Frequently Asked Questions for COI

A conflict of commitment occurs when the commitment to external activities of a faculty or staff member adversely affects his or her capacity to meet University responsibilities.

Yale’s Faculty Handbook provides guidance about the amount of time that may be given by faculty members to outside activities; it stipulates, for example, that a faculty member may not accept salaried employment at another institution while a full-time employee of Yale, that faculty may not spend more than one day in a seven–day work week on consulting activities, and that faculty ownership or management of private enterprises is subject to review and to limitations. It is important to recognize, however, that the obligations of Yale faculty move beyond the letter of these obligations to their spirit. The University requires that its faculty will meet their classes, but it also expects that they will be available to students outside of the classroom, will carry their share of committee responsibilities, will remain productively involved in their research and other scholarly pursuits, and, where applicable, will meet their clinical obligations. External activities that compromise or diminish a faculty member’s capacity to meet these obligations represent a conflict of commitment.

Full–time non–faculty employees are expected to satisfy all of the requirements of their jobs, and should not permit outside activities to interfere with the performance of their Yale obligations. Some departments prohibit staff employees from consulting or engaging in other outside employment because of the likelihood of such interference. Other departments may permit certain outside activities, with appropriate notice to and written approval by the employee’s supervisor, so long as they do not interfere with employees’ Yale obligations.

Your dean, department chair, or direct supervisor is in the best position to determine whether your outside activities pose a conflict of commitment and is your initial contact for discussing potential options for eliminating conflicts of commitment. In order to assure the elimination of the conflict of commitment, your dean, department chair, or direct supervisor may seek further consultation with the Provost.

If you are NOT responsible for the design, conduct or reporting of research funded by the Public Health Service (PHS) or other agencies/sponsors that have adopted the PHS regulations): You are not required to disclose travel expenses.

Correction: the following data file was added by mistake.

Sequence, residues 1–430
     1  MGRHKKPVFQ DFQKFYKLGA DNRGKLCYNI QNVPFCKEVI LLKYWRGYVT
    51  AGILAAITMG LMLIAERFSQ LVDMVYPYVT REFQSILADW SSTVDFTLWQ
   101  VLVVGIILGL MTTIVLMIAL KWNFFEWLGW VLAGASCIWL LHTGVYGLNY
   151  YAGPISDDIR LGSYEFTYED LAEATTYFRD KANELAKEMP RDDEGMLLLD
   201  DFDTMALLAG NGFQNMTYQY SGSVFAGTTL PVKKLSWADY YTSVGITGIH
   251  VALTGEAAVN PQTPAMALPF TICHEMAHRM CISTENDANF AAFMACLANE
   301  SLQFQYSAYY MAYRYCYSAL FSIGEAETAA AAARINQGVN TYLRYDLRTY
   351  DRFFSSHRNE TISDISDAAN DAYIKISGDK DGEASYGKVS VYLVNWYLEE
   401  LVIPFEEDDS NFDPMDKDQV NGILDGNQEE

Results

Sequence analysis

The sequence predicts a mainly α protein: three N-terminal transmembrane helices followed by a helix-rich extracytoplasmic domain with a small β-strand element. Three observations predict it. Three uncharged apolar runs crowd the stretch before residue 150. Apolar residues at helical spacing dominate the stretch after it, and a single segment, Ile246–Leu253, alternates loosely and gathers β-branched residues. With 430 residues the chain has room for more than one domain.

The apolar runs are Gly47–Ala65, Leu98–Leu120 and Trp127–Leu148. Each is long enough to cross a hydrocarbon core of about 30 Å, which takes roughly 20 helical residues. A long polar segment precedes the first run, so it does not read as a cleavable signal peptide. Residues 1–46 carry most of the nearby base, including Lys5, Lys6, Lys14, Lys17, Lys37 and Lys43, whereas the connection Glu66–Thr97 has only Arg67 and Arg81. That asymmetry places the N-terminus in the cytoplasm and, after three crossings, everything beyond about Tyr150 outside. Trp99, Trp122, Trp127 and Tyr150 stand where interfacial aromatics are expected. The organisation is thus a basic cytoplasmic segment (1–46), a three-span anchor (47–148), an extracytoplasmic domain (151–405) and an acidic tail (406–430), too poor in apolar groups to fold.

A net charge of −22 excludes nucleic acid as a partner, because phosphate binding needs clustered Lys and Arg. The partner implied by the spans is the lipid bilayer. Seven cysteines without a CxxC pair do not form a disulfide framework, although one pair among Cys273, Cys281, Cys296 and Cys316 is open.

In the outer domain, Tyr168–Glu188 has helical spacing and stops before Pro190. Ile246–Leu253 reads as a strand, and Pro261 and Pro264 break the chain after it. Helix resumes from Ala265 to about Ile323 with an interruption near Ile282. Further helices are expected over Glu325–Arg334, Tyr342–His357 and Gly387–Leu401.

If you ARE responsible for the design, conduct or reporting of research funded by the Public Health Service (or other agencies/sponsors that have adopted the PHS regulations):  You must disclose third party paid travel related to your institutional responsibilities that exceeds $5,000 per year from a single entity.

Third party paid travel means:

  • Third party directly pays in whole or in part for travel on your behalf
  • You pay for travel and third party reimburses you in whole or in part
  • Yale pays in whole or in part for travel and the third party reimburses Yale

PHS regulations require you to disclose travel paid by:

  • External professional organizations and societies;
  • Academic journals and publishing companies; and
  • ANY travel reimbursed or sponsored by a foreign Institution of higher education or the government of another country.

PHS regulations exclude travel paid by:

  • Yale or funded by a sponsored award to Yale;
  • U.S. Federal, state or local government agencies;
  • U.S. Institutions of higher education or U.S. research institutes; and
  • U.S. academic teaching hospitals or U.S. medical centers that are affiliated with U.S. Institutions of higher education.

The following is a list of PHS agencies and other sponsors that have adopted the PHS regulations:

  • Administration on Aging (AoA)
  • Administration for Children and Families (ACF)